“It links you to who you are inside and gets you back in touch with the woman that you are,” she says.

Excerpt from “Shake, wiggle and roll hooks a new generation”
By Leslie A. Pappas
Inquirer Staff Writer

The benefits of Bellydance go beyond the physical, says Lurainya Koerber, a belly-dance instructor from Doylestown.

Belly dancing brought her out of her shell when she started studying it six years ago, said Koerber. “It was everything I wanted to be.”

Although she’s thrilled that her classes are growing – she says she has gotten 50 new students in the last few weeks – she worries that media attention to the dace, particularly glitzy professional tours, could turn women off.

“They’ll see the stereotypically ‘perfect’ body up there on stage, and it will perpetuate their thinking that this dance is only for skinny people,” Koerber says. The reality, she says, is that “real women” – any woman – can benefit.

“It can change lives,” she said, “mind, body, and soul.”

Excerpt from Breaking the routine Three trainers explain their sexy methods to help you get fit
By Brian Francis Smith
Philly EDGE Correspondent

Summer is almost here. How’s your beach body?


Well, fear not, Philly EDGE has found several non-traditional training methods that are a lot sexier than mindlessly thumping away on a treadmill…

…We conclude our noveau-fitness routine tour with a walk through the sometimes mysterious world of belly dancing.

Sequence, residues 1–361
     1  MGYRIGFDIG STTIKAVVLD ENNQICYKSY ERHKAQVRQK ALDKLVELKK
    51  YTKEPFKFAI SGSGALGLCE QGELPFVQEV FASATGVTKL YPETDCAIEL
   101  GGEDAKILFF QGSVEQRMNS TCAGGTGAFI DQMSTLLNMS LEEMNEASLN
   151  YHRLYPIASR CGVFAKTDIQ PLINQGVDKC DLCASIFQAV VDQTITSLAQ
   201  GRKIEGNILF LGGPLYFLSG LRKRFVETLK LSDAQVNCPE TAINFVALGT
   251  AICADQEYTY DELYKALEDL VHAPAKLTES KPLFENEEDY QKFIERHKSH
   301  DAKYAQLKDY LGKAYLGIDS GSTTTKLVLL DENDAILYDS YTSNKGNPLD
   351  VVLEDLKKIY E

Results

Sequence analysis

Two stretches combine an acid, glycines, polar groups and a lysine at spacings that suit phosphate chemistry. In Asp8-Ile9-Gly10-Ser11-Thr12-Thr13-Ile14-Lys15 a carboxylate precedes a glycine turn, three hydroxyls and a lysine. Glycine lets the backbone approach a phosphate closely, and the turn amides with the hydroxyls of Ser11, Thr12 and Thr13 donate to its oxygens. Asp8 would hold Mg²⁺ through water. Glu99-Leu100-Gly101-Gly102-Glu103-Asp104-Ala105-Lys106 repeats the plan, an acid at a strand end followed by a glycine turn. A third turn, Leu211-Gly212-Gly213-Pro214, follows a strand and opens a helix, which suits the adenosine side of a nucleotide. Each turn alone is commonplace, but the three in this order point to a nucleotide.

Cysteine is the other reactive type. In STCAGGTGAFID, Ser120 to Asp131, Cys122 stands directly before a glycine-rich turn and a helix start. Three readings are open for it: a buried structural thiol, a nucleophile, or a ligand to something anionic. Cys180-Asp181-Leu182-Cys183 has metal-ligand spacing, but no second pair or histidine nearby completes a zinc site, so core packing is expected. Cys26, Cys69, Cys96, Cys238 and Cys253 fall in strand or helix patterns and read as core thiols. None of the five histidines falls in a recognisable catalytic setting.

Lurainya Koerber, 33, a belly dancer of eight years and instructor at studios in Doylestown, Furlong and Hatboro, attempts to explain common perceptions and misconceptions of the what she calls the “world’s oldest dance.”

“Belly dancing started as a birthing ritual. A lot of the movements aid in the tensing of muscles needed in labor and helping the mother through the labor itself. So it started as women dancing for women, and that’s the big part of the story that the general public knows nothing about,” Koerber said. “It’s not about men!”

Koerber cites many fitness benefits derived from belly dancing, including weight loss, muscle toning, improved posture and increased flexibility. But perhaps the greatest reward Koerber has garnered from the dance is self-esteem.

“As a child I was very shy and repressed. And one day I finally got brave and realized that I didn’t want to live my life in chains anymore, so I signed up for belly dancing lessons,” Koerber said. “And after the first two minutes of the first class, I realized that this would be a part of me for the rest of my life.”